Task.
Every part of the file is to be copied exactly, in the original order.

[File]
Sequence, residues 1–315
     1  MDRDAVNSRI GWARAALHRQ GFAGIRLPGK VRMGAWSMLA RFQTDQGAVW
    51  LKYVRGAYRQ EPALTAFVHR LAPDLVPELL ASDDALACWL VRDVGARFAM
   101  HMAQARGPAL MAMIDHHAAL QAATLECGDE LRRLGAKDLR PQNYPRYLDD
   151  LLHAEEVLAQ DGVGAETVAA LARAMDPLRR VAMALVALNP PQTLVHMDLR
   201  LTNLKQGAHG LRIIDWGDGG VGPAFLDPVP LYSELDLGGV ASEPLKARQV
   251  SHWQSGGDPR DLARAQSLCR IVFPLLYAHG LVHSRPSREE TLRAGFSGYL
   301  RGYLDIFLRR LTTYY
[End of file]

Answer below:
Sequence, residues 1–315
     1  MDRDAVNSRI GWARAALHRQ GFAGIRLPGK VRMGAWSMLA RFQTDQGAVW
    51  LKYVRGAYRQ EPALTAFVHR LAPDLVPELL ASDDALACWL VRDVGARFAM
   101  HMAQARGPAL MAMIDHHAAL QAATLECGDE LRRLGAKDLR PQNYPRYLDD
   151  LLHAEEVLAQ DGVGAETVAA LARAMDPLRR VAMALVALNP PQTLVHMDLR
   201  LTNLKQGAHG LRIIDWGDGG VGPAFLDPVP LYSELDLGGV ASEPLKARQV
   251  SHWQSGGDPR DLARAQSLCR IVFPLLYAHG LVHSRPSREE TLRAGFSGYL
   301  RGYLDIFLRR LTTYY